The world of manga animation is limitless without any boundaries of age, education, religion or sex. What matters most is the passion and drive to watch and draw.
That is what most manga artistes and fans wanting to learn thinks. But as they go deeper, they soon discovered they have different likes, styles and techniques in drawing very much like famous ones like Yoshiyuki Tomino, Haruhiko Mikimoto and Kia Asamiya for their Gundam, Macross and Silent Mobius animated series and movies.
In each of those series, you will see how it resembles real people dramas. The way they look at situations, people and how they go about managing them.
Most of them are based on reality - the scenarios we used to be in our daily lives even in fantasy and science-fiction shows. Same goes for computer and video games.
Originally manga animation is only made for Japanese in creators' minds as they too are Japanese. After their World War II defeat and surrender, they isolated themselves from the rest of the world to avoid being condemned for their atrocities during their occupation of some countries.
Manga is their primary ricebowl and getaway from the bad situations they are in.
Though word has it that their animation works is inspired by Western culture, I beg to differ as most of what they have done is based on their beliefs and cultures.
In fact, it is the other way round as the Americans made the first move to propose joint venture with them. It is quite ironic that they and not other countries are impressed with their early manga drawings despite being the ones to force their surrender by bombarding their Hiroshima and Nagasaki cities.
It started off with simple drawings on used and recycled cardboards as paper becomes scarce due to their depleted resources. But being creative and innoviative, they did their best by further developing those drawings to make them look real and appealing.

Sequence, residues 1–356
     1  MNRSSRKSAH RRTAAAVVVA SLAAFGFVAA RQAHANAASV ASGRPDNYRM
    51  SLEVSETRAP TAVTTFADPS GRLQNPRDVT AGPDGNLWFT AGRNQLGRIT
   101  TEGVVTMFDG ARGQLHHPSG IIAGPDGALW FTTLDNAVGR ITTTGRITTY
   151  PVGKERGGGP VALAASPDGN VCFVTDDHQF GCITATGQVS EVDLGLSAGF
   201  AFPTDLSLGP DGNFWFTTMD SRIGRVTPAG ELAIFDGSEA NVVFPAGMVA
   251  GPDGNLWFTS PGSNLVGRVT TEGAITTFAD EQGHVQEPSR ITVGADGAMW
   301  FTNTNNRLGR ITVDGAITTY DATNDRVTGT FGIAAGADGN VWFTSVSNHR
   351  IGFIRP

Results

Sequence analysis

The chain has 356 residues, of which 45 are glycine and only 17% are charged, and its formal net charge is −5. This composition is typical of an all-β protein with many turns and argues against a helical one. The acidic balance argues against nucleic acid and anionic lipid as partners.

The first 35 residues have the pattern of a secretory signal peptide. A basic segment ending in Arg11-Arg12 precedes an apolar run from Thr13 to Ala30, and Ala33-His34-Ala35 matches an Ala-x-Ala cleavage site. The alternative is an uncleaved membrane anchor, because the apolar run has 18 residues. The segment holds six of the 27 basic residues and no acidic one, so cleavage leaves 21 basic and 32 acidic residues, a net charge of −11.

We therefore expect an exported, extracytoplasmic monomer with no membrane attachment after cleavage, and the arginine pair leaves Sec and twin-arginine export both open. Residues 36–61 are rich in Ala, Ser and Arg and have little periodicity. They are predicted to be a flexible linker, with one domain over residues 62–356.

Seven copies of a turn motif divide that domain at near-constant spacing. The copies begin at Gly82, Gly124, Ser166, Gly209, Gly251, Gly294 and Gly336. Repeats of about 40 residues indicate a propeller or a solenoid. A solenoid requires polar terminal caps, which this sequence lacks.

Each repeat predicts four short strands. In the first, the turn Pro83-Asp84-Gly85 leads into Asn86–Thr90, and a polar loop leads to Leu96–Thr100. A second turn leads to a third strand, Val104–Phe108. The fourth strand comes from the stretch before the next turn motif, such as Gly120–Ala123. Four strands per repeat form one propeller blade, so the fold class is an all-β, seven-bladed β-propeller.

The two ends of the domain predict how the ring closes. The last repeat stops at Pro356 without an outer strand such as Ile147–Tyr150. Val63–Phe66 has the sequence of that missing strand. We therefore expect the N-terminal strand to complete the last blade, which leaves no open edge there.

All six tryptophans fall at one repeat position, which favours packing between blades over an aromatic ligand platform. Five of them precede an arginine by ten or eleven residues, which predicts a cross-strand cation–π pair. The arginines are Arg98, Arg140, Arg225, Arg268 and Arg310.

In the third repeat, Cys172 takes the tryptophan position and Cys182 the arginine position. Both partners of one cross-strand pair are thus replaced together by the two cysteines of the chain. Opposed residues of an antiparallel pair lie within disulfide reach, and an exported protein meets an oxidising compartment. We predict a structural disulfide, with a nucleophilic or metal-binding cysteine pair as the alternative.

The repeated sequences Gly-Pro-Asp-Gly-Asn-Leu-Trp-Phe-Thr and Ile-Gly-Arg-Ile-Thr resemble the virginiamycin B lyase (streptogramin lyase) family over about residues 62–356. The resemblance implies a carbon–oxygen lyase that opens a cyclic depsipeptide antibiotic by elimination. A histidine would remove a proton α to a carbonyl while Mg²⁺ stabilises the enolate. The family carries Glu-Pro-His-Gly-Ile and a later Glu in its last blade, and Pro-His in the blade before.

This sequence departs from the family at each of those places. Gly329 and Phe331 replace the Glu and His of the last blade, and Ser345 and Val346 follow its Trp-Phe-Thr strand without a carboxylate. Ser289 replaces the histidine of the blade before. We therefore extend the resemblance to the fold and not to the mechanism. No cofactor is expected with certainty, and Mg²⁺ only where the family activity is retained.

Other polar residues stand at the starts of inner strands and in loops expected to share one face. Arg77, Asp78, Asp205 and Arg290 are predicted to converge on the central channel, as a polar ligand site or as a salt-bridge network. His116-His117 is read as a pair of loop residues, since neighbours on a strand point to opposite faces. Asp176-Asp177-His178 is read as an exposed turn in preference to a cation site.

Think Astro Boy, Go Go Speedracer and Tekkaman as their earliest works. While the Americans created their superheros francise with everyone else following suit, the Japanese developed their own brand.
Though they have their own superheros like Ultraman and Masked Rider, their robot animation series are the ones that stood out.
Mobile Suit Gundam, Macross, Transformers and Votoms are 4 of the very best.
Except Transformers which involved the war between 2 races of robots namely Autobots and Decepticons, the other featured humans defending themselves against alien invasion.
The common weapons used are giant humanoid robots driven by human and alien pilots as well as battlecruisers which served as hangar bay to park those robots.
There are also fantasy animation such as King Arthur, World Of Llyosis and Dragonball. The drawings of dragons, demons, monsters and surroundings are just as impressive.
Besides series and movies, the Japanese also manufactured toys. The huge bulk of those are Gundam, Macross and Transformers.
While the first two are model assembly kits whereby you need to remove and fit the pieces into one super robot, the latter is cooler with robots transforming into vehicles, jets, animals, weapons and even combining into a bigger super robot.
They have an annual toy festival which they held in Tokyo Convention Centre where they featured all those toys.
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If you are a manga fan like me but still struggle to draw, please feel free to check out my site on How To Draw Manga.
But should you find drawing by hand to be time consuming and tedious, you might consider Manga Studio to automate the whole process without compromising the quality of your drawings.
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